But out of all of the area’s eclectic cuisine options, perhaps the most studentoriented is Sapporo Ramen & Noodle Bar, 317 M.A.C. Ave. in downtown East Lansing. That’s right — we’re talking about gourmet ramen here. Before it was freeze-dried and sold in rectangular packages to the world, ramen was a street corner staple in Japan, with each region of the country specializing in a different style. The concept is straightforward but highly changeable: one of several types of broth, such as mushroom, pork or chicken, is combined with thin, hand-crafted noodles and any of a variety of ingredients, including egg, mushrooms, scallions, bamboo shoots and pork belly. No word on whether it can be officially called “brain food,” but if you’ve grown accustomed to the Maruchan brand ramen, chances are this will blow your mind.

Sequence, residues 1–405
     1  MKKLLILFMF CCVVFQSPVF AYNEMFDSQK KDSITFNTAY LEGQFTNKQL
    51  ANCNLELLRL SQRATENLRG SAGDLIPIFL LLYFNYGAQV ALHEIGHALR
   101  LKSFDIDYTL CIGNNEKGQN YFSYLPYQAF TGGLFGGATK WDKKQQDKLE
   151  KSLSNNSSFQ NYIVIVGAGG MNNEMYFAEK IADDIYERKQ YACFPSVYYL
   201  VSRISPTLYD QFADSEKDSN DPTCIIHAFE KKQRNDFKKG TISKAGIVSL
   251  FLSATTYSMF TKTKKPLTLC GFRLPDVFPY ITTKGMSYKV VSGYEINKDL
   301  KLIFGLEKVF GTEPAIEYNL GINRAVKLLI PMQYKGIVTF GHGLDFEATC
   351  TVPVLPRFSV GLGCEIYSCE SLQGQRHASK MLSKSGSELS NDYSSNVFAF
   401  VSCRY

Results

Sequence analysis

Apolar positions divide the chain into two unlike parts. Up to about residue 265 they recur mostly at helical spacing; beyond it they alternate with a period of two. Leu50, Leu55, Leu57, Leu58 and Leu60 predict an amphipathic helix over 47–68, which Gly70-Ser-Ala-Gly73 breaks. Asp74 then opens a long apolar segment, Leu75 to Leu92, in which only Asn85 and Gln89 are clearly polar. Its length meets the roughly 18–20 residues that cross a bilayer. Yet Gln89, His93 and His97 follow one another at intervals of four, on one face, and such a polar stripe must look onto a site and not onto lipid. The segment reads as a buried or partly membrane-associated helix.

Of course, this isn’t a full list of all your food and beverage options, simply the newest ones that are also the most student-friendly. And with more opening all the time — check back here for updates on the new Hot Chicken Kitchen, for example, coming soon to downtown Lansing — there will never be a lack of sites for test preparation, homework procrastination or end-of-semester celebration.